With truffles you are dealing with two different things. The outside is typically pure chocolate. That of course could be remelted without issue. The inside however is typically a ganache of some sort. That isn't something you can just melt down and reuse.

If you really want to try this, I would heat it just enough so that the shells become soft and try blending it all together with an immersian blender. This will basically give you a ganache that has more chocolate than it needs and you could maybe use that as a filling for your own truffles, but even then I have no idea what that would taste like or what the shelf life would be like.

Actually, the more I think about this, the more I think it's a horrible idea. The truffles you have now have a limited shelf life from when they were made. You melting them down will not increase that shelf life. Plus you don't like them as is and whatever you make from them isn't going to be all that much better than what they are now.

My advice is to either eat them as is, give them away, or worst case just toss them. Then just start fresh with ingredients you really like and go from there. The key with truffles is to start with very high quality ingredients that you really like. If you start with something you don't care for, there's not much you can do. But that's just my thoughts on it. Good luck and let us know how it turns out if you try to melt them down.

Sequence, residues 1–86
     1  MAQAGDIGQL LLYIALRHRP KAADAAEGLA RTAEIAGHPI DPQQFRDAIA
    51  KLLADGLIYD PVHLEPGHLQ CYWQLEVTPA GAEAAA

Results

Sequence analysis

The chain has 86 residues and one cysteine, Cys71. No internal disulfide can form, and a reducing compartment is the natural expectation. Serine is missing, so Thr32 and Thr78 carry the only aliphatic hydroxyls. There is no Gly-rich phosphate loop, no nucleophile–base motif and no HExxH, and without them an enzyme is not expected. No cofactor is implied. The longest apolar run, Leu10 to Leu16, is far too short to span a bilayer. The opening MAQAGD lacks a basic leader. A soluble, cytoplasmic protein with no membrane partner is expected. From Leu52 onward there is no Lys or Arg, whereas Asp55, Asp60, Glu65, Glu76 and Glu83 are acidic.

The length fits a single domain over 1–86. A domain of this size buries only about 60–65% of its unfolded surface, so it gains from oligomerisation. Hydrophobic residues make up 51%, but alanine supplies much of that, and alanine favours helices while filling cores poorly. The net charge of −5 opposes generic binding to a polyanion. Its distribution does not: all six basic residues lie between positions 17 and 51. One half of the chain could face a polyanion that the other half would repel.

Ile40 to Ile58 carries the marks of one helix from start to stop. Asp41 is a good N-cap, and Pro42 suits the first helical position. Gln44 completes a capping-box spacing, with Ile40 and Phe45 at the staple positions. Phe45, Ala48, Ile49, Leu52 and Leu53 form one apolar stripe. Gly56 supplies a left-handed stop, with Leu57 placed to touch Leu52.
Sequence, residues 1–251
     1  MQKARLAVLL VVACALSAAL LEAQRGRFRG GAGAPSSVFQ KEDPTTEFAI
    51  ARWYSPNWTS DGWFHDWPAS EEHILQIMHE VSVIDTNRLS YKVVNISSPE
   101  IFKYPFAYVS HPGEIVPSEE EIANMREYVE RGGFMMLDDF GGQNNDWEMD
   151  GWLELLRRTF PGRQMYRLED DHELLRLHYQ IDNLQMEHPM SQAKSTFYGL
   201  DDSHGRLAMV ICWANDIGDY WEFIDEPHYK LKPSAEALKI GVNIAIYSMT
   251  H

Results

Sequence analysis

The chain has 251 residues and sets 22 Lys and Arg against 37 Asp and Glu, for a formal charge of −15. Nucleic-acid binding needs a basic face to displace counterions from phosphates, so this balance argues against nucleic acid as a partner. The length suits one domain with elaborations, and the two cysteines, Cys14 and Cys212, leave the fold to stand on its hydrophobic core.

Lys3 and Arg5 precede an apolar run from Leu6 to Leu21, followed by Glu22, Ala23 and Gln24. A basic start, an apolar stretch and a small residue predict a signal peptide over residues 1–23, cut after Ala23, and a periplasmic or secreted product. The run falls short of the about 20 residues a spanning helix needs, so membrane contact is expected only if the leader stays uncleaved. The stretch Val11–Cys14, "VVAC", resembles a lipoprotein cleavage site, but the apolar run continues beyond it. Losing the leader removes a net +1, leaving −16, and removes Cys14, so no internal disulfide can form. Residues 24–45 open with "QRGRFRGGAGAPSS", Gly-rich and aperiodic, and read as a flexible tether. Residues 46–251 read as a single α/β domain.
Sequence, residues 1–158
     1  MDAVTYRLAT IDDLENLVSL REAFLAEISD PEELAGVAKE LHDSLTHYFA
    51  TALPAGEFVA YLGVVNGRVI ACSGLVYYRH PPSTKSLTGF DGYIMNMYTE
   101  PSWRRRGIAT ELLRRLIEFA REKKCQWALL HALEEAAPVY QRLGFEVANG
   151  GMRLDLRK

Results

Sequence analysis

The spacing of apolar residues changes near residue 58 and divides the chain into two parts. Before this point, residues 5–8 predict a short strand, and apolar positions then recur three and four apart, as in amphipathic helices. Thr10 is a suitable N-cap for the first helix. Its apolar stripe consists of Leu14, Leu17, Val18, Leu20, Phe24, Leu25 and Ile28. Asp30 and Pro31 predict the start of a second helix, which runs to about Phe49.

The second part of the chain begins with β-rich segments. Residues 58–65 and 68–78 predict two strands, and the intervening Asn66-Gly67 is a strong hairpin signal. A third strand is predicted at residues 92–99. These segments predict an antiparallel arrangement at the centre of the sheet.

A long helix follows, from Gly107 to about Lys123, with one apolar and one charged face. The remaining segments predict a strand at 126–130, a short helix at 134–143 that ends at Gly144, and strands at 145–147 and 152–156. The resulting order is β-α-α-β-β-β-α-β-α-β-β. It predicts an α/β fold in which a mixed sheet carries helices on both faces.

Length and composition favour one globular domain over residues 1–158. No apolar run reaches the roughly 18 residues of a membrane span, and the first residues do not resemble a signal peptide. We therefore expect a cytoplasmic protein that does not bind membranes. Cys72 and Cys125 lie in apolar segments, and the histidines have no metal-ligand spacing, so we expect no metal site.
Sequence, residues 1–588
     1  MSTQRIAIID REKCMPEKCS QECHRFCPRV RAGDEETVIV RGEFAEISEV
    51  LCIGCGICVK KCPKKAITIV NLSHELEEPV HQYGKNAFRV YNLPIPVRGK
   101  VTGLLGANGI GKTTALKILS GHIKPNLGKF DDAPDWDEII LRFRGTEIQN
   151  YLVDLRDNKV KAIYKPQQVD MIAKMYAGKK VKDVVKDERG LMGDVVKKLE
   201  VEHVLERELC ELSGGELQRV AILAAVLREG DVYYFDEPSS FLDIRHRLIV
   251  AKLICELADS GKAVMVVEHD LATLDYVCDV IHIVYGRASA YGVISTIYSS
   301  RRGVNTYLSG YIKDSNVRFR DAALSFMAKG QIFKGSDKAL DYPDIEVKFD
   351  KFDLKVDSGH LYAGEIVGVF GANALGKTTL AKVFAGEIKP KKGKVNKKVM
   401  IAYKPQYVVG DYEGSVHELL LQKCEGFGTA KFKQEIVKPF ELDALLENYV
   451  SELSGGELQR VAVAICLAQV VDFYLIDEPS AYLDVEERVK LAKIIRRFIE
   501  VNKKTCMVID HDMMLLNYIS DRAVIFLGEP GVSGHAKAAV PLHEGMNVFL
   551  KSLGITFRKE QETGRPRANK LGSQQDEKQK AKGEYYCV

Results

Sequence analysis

Link to comment
Share on other sites

Actually, I went ahead and melted them with a little heavy cream, and it resulted in a beautiful, smooth sauce. I added a tsp vanilla extract, and the sauce tasted delicious - way better than the original truffles.

Edited by merstar (log)
There's nothing better than a good friend, except a good friend with CHOCOLATE.
Link to comment
Share on other sites

If they have a ganache center - melting and adding some cream will just give a nice liquid ganache that could be used as a sauce - just like you did! Well done!

Link to comment
Share on other sites

Thanks, Kerry! I couldn't believe how great it turned out - I kept spooning it out of the bowl to taste, and had to force myself to stop! After all, I need to save some to pour over vanilla ice cream!

Edited by merstar (log)
There's nothing better than a good friend, except a good friend with CHOCOLATE.
Link to comment
Share on other sites

  • 9 years later...

I am looking for a recipe for a fantastic chocolate sauce (maybe with some bourbon or other yummy secondary flavor). Does anyone have a recipe they love and would pass along? I am thinking of a sauce that would be thick and rich and be stored in a jar and warmed up to pour over ice cream, etc....

 

Thanks!

Edited by Smithy
Adjusted title for clarity (log)
Link to comment
Share on other sites

Here's a link to one we've enjoyed, it's from Maida Heatter.  I'm pretty sure Rose Levy Beranbaum has a chocolate sauce recipe as well but I haven't made it.  Both of these authors are good, I've never had a recipe fail from either one.   You can add whatever you like - bourbon, coffee extract....

 

Maida Heatter Chocolate Sauce

Link to comment
Share on other sites

If you're looking for more intensity and a more "chocolate-forward" sauce, it's hard to beat a water ganache. There's no dairy to mute the chocolate flavor. This is one I adapted from James Peterson (he calls it "chocolate butter sauce.") It takes a bit more care in reheating than ganache-based sauces.